The top 1 percent of taxpayers paid 33.7 percent of all individual income taxes in 2002. This group of taxpayers has paid more than 30 percent of individual income taxes since 1995. Moreover, since 1990 this group’s tax share has grown faster than their income share.
Taxpayers who rank in the top 50 percent of taxpayers by income pay virtually all individual income taxes. In all years since 1990, taxpayers in this group have paid over 94 percent of all individual income taxes. In 2000, 2001, and 2002, this group paid over 96 percent of all individual income taxes. In 2000, 2001, and 2002, this group paid over 96 percent of the total.
Treasury Department analysts credit President Bush's tax cuts with shifting a larger share of the individual income taxes paid to higher income taxpayers. In 2005, says the Treasury, when most of the tax cut provisions are fully in effect (e.g., lower tax rates, the $1,000 child credit, marriage penalty relief), the projected tax share for lower-income taxpayers will fall, while the tax share for higher-income taxpayers will rise.
* The share of taxes paid by the bottom 50 percent of taxpayers will fall from 4.1 percent to 3.6 percent.
* The share of taxes paid by the top 1 percent of taxpayers will rise from 32.3 percent to 33.7 percent.
* The average tax rate for the bottom 50 percent of taxpayers falls by 27 percent as compared to a 13 percent decline for taxpayers in the top 1 percent.
The rest of Krugman's op-ed provides no data to support his accusations and is just a tirade against tax cuts and "right-wing partisans". To liberals like Krugman, the wealthy can only inherit their money or obtain it through fraudulent means. And a desire to keep most of one's earnings is just being greedy.
The partisans also rely in part on scare tactics, insisting that any attempt to limit inequality would undermine economic incentives and reduce all of us to shared misery. That claim ignores the fact of U.S. economic success after World War II. It also ignores the lesson we should have learned from recent corporate scandals: sometimes the prospect of great wealth for those who succeed provides an incentive not for high performance, but for fraud.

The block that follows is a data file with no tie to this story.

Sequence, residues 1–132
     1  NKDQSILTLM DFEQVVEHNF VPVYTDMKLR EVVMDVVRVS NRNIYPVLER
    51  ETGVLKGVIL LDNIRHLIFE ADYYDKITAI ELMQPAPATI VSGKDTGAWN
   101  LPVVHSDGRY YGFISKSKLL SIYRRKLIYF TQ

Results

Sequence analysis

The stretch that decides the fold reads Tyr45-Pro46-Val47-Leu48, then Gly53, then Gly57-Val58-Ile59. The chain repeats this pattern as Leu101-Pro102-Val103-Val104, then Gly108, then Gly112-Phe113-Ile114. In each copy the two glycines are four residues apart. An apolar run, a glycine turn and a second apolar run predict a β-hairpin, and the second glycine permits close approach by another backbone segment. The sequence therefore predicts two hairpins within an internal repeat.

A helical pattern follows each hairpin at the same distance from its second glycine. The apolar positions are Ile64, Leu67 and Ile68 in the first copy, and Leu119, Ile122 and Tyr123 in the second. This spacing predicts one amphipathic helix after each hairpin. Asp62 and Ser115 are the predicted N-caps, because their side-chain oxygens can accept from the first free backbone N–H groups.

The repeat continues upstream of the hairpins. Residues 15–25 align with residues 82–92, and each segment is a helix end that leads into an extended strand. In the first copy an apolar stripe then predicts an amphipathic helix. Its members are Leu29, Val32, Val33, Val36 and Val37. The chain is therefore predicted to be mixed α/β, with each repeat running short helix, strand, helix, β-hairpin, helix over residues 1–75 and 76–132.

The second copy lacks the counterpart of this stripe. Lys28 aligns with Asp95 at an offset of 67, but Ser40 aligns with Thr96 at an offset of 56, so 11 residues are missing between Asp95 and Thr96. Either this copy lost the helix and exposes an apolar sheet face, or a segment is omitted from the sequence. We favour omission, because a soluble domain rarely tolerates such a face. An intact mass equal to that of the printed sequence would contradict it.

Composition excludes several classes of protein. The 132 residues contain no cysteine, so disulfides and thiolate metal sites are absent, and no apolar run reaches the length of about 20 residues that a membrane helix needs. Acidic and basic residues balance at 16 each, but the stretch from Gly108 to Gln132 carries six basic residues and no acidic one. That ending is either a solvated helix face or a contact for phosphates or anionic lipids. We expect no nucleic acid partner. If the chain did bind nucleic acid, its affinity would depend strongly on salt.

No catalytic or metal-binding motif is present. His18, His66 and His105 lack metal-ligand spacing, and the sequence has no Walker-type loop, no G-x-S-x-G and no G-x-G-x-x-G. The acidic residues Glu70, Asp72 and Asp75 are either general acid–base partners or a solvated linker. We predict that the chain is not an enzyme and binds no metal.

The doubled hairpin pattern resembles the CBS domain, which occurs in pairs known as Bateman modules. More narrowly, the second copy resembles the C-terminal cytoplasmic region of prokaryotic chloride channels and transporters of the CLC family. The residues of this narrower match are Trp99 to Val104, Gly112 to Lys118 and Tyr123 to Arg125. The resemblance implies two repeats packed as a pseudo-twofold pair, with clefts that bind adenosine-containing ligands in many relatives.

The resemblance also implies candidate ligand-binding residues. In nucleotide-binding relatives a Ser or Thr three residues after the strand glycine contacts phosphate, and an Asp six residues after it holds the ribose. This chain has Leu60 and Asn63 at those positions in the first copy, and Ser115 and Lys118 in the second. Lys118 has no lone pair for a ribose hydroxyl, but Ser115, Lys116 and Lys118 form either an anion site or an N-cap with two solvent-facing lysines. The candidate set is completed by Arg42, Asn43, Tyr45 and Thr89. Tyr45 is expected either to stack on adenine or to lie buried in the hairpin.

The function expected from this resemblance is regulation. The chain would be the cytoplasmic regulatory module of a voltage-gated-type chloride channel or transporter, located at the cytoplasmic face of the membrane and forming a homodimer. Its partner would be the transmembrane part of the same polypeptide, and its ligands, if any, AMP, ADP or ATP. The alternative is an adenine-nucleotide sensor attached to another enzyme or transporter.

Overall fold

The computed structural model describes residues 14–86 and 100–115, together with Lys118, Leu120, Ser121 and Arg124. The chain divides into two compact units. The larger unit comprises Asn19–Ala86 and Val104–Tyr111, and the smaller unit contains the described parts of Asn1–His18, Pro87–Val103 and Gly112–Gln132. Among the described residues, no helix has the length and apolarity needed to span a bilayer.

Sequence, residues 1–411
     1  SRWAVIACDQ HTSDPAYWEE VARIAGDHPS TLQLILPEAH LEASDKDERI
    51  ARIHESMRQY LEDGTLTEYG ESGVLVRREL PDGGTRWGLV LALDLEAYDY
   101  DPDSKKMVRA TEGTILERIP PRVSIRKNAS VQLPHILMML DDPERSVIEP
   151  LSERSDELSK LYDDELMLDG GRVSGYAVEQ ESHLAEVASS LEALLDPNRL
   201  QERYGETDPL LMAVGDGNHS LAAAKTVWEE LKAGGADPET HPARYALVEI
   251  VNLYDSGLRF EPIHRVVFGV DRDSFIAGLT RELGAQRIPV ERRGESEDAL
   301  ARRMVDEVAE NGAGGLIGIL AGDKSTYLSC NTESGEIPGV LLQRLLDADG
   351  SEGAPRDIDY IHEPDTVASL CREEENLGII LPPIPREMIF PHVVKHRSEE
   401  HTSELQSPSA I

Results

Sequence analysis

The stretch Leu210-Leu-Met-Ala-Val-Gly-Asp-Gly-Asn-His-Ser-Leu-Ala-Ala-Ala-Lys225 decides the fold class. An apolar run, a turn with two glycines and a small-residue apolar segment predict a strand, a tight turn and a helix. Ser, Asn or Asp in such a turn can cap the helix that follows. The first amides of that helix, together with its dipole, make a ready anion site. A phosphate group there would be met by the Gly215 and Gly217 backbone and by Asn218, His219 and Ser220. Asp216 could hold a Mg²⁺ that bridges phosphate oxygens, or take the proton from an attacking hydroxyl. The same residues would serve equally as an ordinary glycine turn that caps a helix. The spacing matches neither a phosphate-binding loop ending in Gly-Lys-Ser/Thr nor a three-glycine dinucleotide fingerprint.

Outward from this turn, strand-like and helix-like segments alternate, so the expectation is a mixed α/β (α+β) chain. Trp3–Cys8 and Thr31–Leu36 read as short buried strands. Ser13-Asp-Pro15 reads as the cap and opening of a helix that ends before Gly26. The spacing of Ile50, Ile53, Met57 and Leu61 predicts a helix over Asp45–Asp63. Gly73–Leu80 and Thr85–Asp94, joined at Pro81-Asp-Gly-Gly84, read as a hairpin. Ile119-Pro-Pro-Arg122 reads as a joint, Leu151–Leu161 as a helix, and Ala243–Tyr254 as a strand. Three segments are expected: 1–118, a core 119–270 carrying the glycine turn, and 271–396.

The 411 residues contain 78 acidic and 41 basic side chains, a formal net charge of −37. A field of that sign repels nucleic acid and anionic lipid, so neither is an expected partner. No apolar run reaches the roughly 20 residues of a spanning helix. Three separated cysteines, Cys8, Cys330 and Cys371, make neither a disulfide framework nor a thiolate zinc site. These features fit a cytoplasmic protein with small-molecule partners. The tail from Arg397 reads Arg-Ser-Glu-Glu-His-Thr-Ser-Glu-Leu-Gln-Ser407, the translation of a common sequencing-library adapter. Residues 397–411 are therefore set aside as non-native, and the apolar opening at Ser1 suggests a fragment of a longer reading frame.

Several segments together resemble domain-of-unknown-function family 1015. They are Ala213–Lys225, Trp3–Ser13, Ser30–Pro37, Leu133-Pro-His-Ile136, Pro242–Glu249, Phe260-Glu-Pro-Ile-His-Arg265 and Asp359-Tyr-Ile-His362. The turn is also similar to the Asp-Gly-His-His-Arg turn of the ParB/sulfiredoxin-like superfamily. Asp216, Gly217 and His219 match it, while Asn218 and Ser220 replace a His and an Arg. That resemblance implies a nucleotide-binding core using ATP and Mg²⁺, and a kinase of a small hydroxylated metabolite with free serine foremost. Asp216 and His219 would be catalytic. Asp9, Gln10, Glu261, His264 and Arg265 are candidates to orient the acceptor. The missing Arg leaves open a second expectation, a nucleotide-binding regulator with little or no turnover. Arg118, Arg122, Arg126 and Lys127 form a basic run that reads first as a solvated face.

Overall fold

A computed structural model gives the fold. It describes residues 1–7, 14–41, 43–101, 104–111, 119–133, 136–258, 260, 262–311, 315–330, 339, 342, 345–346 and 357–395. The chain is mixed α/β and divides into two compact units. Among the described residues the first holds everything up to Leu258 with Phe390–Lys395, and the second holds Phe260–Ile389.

Above all, the partisans engage in name-calling. To suggest that sustaining programs like Social Security, which protects working Americans from economic risk, should have priority over tax cuts for the rich is to practice "class warfare." To show concern over the growing inequality is to engage in the "politics of envy."
But the real reasons to worry about the explosion of inequality since the 1970's have nothing to do with envy. The fact is that working families aren't sharing in the economy's growth, and face growing economic insecurity. And there's good reason to believe that a society in which most people can reasonably be considered middle class is a better society - and more likely to be a functioning democracy - than one in which there are great extremes of wealth and poverty.
Reversing the rise in inequality and economic insecurity won't be easy: the middle-class society we have lost emerged only after the country was shaken by depression and war. But we can make a start by calling attention to the politicians who systematically make things worse in catering to their contributors. Never mind that straw man, the politics of envy. Let's try to do something about the politics of greed.
Does Krugman provide any evidence that working families today are heading toward Middle Ages-like serfdom? Indeed, today's so-called downtrodden are better off than at anytime in American history. Virtually everyone at lower income levels now has access to material goods that just 20 years ago were the exclusive domain of the rich: cell phones, microwave ovens, computers [Dell's lowest priced computer is now $250!] VCRs and the like. And more people have access to college, health care and yes, air travel than at any time in our history [JetBlue offers coast-to-coast airfares as low as $99 each way]. Here's another question for Krugman and the Times editors: If everyone's income doubles during a given period, the income gap between the rich and the poor will double too. How do you explain this in terms of the GGBRP?
Finally, let me provide the clearest explanation on why the GGBRP doesn't matter. As a member of the upper-middle-class segment in the US (Top 5% in income), I really don't care how much money the rich in America (Top 1%) has or how they live. I care about how my family, friends and neighbors live. And yes, I do care about the poor in this country, because I've always believed that people need to take an active role in helping the needy. That the rich can afford to buy fifty $130,000 Mercedes autos
and spends summer at their $15 million house on Nantucket
really does not interest me in the least.
Some issues (but certainly not all) that matter to me include:
Do I have enough resources to provide for my family, and to retire comfortably without Social Security?
Are interest rates low so my mortgage payments aren't too high?
Is inflation eating into the value of my savings and investments?
Will my children be able to attend decent public schools?
Can we defeat Islamic Fundamentalism in my lifetime?
When will I be able to take my kids to Disney World?
And that's what really matters to me, not how George Soros or Barbra Streisand live their lives.